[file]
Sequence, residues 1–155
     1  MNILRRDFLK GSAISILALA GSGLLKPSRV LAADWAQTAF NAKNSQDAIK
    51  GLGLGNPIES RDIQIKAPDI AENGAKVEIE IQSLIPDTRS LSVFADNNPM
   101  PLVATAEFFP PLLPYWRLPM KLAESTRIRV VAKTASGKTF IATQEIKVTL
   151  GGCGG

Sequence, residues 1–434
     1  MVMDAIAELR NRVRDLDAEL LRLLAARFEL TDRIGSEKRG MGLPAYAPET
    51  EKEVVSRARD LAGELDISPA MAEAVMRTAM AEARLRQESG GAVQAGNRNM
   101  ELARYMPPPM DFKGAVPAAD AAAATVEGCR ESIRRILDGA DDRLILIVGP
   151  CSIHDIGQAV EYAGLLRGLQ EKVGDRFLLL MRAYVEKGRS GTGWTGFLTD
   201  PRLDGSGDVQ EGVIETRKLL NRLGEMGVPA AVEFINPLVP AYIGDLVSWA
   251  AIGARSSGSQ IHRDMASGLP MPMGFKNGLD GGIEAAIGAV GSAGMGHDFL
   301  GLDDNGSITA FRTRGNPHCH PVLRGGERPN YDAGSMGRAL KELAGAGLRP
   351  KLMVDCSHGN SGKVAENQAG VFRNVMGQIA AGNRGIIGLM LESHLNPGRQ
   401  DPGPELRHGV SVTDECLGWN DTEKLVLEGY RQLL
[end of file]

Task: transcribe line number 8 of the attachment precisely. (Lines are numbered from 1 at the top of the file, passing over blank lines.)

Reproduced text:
    51  EKEVVSRARD LAGELDISPA MAEAVMRTAM AEARLRQESG GAVQAGNRNM